FRAME Fostering Human Rights Among European Policies




Institute for the Study of Human Rights, Columbia University

The Institute for the Study of Human Rights at Columbia University (ISHR) was the first academic center in the world to be founded on an interdisciplinary commitment to the study of human rights. It is committed to fostering innovative interdisciplinary academic research, providing excellent human rights education to Columbia students and offering its expertise in capacity building to human rights leaders, organisations, and universities around the world. Recent conferences and research programs at the Institute have examined the impact of human rights programs and policies in comparative perspective and the issues entailed in human rights impact assessment; the role of historical commissions in post-conflict and transitional contexts; conflicts and conversations engendered by shared religious spaces; and the legacy and continuing implications of the US uses of Guantanamo Bay detention facilities. ISHR develops research programmes that are international and interdisciplinary in scope and that promote systematic dialogue among scholars, policy-makers, advocates and donors. In 2010, the Institute launched a pioneering undergraduate major in human rights studies at Columbia College.


Elazar Barkan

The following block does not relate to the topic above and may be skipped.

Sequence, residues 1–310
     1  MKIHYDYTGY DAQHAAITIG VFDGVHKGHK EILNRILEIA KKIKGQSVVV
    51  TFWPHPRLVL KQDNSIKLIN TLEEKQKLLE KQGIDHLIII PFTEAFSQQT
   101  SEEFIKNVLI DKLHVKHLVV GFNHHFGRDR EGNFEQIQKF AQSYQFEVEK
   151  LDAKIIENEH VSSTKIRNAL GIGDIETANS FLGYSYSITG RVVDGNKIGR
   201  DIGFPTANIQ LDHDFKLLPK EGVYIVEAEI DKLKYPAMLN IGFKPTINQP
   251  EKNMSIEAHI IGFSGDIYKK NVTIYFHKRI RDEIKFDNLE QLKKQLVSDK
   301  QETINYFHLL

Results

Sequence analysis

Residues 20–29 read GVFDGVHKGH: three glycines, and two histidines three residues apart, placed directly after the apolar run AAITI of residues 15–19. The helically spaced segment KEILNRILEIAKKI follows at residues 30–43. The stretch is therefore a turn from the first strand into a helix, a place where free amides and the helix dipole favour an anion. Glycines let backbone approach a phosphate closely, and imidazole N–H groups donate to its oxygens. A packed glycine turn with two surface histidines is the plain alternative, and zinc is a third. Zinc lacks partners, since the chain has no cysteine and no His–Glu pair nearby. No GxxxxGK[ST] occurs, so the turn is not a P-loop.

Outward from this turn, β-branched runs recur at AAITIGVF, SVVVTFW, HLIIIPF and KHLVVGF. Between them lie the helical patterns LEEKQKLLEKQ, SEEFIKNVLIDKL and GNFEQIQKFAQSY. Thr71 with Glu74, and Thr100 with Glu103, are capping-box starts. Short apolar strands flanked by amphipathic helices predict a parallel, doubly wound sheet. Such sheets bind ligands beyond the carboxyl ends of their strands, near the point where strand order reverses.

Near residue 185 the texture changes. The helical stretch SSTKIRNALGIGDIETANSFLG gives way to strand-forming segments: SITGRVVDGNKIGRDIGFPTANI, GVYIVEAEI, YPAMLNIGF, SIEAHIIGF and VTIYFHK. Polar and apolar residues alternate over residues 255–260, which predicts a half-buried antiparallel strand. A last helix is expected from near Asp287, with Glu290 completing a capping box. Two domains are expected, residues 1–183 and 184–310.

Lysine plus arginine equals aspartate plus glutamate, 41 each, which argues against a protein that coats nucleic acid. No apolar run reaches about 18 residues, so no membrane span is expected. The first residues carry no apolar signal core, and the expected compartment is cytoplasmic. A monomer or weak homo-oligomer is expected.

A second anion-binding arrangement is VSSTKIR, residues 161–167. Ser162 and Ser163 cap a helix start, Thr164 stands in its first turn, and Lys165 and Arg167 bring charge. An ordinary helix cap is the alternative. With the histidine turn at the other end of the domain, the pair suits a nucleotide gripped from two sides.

Elazar Barkan is a Professor of International and Public Affairs and the Director of the Human Rights Concentration at Columbia’s School of International and Public Affairs. He was the founding director of the Institute for Historical Justice and Reconciliation (IHJR) in The Hague. Professor Barkan served on ISHR’s board of directors before becoming ISHR’s co-director in 2007 and director in 2008. Previously, Professor Barkan served as chair of the History Department and the Cultural Studies Department at the Claremont Graduate University, where he was the founding director of the Humanities Center. Professor Barkan is a historian by training and received his PhD from Brandeis University. His research interests focus on human rights and on the role of history in contemporary society and politics and the response to gross historical crimes and injustices. His human rights work seeks to achieve conflict resolution and reconciliation by bringing scholars from two or more sides of a conflict together and employing historical methodology to create shared narratives across political divides.  A recent pertinent article: “Historians and Historical Reconciliation,” (AHR Forum)   American Historical Review, (October 2009). Professor Barkan’s other current research interests include refugee repatriation, comparative analysis of historical commissions, shared sacred sites, and the question of human rights impact, specifically with regard to redress and transitional justice. His recent books include No Return, No Refuge: Rites and Rights in Minority Repatriation (with Howard Adelman, Columbia University Press 2011); The Guilt of Nations: Restitution and Negotiating Historical Injustices (2000); Claiming the Stones/Naming the Bones: Cultural Property and the Negotiation of National and Ethnic Identity, (an edited volume with Ronald Bush, Getty, 2003); and Taking Wrongs Seriously: Apologies and Reconciliation (an edited volume with Alexander Karn, Stanford University Press, 2006).